‘To the Church, which is like a mighty army’, I explained, and then suggested that as the earth is the Lord’s, for He made it, and He sustains it, therefore, all who work on the land must be in His army. The bronze faces of these girls smiled at the idea of changing jobs, though I am sure they understood that a parson must spend much time in ploughing and sowing in the human soil.
The next hundred miles or so took me into Wensleydale, and though we had meetings every day, the main interest was in the contacts made along the road. Let me share with you a few of the more amusing ones.
THE TEACHER TAUGHT
At one farm a young townsman who was on holiday asked if I would teach him to ride. It was fairly apparent from his timidity in approaching the horse that he would not quickly become proficient. ‘What must I do?’ he inquired.
‘Only three things,’ said I. ‘The first thing is to learn to fall off. ‘We then spent a little time in learning how in an emergency it is wise to try and slip clear down the left shoulder of the horse.
‘Next, you must learn to grip with your knees,’ I went on. ‘Few things are more necessary than to know how to use your knees. Lastly, you must keep a clear and steady head. These are the only three rules I know.’
I have a few genuine doubts his ability to become a horseman, but judging from what he said, he knows how to ride something that is far more difficult. ‘Come to think of it,’ he said, ‘life is like riding. One must know how to take a fall, for every man is thrown sometime, and it is wise to know how to take life’s bumps. Certainly to use one’s knees is a great necessity – most men fall because they use their knees so little! Neither would any one question the need for a clear, steady head.’ I told him that he had given me a topic for my meeting, and that I should not fail to use it. ‘Well,’ he said, ‘I’m a local preacher. It is copy-right reserved?’ I had never suspected it. It was but just retribution that a few days later my own deficiencies in horsemanship should be exposed.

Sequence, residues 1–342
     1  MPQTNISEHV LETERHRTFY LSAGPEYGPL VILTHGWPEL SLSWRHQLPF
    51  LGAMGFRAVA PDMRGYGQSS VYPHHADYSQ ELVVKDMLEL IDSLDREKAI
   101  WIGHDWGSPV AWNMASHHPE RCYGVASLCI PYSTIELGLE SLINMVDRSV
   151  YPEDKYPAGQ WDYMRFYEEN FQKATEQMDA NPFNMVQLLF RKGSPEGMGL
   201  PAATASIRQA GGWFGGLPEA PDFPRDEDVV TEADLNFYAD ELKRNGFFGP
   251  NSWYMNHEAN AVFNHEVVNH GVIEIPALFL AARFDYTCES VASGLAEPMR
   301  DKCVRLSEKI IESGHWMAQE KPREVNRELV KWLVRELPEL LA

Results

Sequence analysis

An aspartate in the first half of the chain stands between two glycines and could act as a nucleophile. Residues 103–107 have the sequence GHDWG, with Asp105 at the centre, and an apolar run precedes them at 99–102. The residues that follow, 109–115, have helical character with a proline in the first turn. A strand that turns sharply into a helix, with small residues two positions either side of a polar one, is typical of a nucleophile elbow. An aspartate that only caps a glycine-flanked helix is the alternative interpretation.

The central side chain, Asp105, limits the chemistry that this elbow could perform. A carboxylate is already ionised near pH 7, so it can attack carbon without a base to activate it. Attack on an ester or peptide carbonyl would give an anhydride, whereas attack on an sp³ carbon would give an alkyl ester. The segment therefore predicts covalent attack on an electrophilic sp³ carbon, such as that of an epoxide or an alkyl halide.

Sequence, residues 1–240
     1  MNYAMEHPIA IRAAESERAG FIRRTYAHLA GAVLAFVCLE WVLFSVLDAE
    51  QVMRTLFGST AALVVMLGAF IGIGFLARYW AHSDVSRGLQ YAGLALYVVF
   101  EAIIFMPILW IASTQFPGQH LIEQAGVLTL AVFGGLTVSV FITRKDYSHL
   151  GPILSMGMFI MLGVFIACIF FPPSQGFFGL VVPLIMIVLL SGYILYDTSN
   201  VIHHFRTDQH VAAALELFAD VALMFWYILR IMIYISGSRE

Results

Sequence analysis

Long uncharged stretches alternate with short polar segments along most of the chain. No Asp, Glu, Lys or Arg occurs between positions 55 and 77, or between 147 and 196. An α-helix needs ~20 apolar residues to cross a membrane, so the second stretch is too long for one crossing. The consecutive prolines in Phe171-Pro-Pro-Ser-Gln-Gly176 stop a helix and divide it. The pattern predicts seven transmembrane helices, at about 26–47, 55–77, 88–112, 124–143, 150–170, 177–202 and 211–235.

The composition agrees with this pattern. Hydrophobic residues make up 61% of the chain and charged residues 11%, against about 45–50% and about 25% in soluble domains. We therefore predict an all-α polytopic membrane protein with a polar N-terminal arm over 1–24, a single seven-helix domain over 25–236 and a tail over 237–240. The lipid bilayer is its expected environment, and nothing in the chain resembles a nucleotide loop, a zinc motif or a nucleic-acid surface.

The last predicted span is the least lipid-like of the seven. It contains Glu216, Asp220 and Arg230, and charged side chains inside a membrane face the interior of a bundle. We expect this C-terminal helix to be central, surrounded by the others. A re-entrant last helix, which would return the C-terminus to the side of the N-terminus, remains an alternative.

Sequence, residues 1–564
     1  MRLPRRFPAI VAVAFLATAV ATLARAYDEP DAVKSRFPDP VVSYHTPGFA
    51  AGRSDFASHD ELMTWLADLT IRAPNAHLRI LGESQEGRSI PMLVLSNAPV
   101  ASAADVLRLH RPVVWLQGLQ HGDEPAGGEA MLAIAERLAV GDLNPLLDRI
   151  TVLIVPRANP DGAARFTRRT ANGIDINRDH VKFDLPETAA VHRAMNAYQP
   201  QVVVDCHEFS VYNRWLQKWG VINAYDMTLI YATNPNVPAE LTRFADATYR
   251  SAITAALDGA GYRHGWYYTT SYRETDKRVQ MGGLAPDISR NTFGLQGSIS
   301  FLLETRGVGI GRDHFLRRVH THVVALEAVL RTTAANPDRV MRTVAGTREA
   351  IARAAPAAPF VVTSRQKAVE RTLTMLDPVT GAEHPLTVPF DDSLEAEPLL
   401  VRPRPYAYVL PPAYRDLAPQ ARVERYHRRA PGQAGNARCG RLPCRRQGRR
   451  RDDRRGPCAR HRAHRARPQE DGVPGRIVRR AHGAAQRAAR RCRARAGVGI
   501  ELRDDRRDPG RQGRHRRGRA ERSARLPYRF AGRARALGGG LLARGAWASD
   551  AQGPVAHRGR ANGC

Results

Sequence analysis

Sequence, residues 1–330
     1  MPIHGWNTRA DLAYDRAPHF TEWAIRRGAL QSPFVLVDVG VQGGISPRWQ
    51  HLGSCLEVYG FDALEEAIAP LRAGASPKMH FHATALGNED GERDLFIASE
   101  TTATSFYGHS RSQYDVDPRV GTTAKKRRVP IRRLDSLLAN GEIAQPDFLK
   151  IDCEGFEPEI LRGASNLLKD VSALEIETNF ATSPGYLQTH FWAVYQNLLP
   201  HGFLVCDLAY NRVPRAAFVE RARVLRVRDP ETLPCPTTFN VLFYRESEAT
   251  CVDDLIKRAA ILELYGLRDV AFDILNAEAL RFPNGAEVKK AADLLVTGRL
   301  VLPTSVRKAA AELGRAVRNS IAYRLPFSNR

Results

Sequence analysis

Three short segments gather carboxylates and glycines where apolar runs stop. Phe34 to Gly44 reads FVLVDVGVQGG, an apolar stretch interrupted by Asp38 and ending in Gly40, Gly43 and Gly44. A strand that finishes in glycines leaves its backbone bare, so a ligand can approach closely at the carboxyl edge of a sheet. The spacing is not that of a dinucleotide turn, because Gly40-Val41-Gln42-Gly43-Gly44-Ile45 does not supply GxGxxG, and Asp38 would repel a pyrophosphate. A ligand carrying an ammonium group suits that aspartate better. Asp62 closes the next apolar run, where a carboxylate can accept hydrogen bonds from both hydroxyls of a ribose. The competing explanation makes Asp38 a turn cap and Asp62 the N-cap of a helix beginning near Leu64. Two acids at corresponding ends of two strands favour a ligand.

DECLINE AND FALL
‘Can you ride anything?’ He stood there, surveying with the eye of an expert both my mount and myself. It was a curious greeting, for I had never met him before, and it was almost his first word. When I knew him better I found that this was characteristic of the way he always said as little as possible, and always went straight to the point. Another thing I later discovered was that he was not a farmer, but a trainer of horses. At the time of which I write I knew nothing of this, and so, remembering my horse had carried me hundreds of miles, I said, ‘I think so’.
A minute later I wished I had been more careful, for the farmer told me he had two young horses. He had just began breaking them in the year before but had not been able to do anything with them during the winter. ‘Would you like to try one?’ he enquired.
Feeling that he was challenging me, I replied, ‘Yes, by all means’, though I did not say it very convincingly.
Early next morning we saddled the two-year-olds, and then, after several attempts, we got on their backs and started off down a lane. Never had I been on such a spirited mount. It was made of steel, it seemed, and was full of electricity. If only a leaf rustled in the hedge, or a piece of paper fluttered in the ditch, that alone was quite sufficient to set him jumping and scampered back. eventually we came to a field where a clearing had been made around the outside of the wheat in preparation for the binder.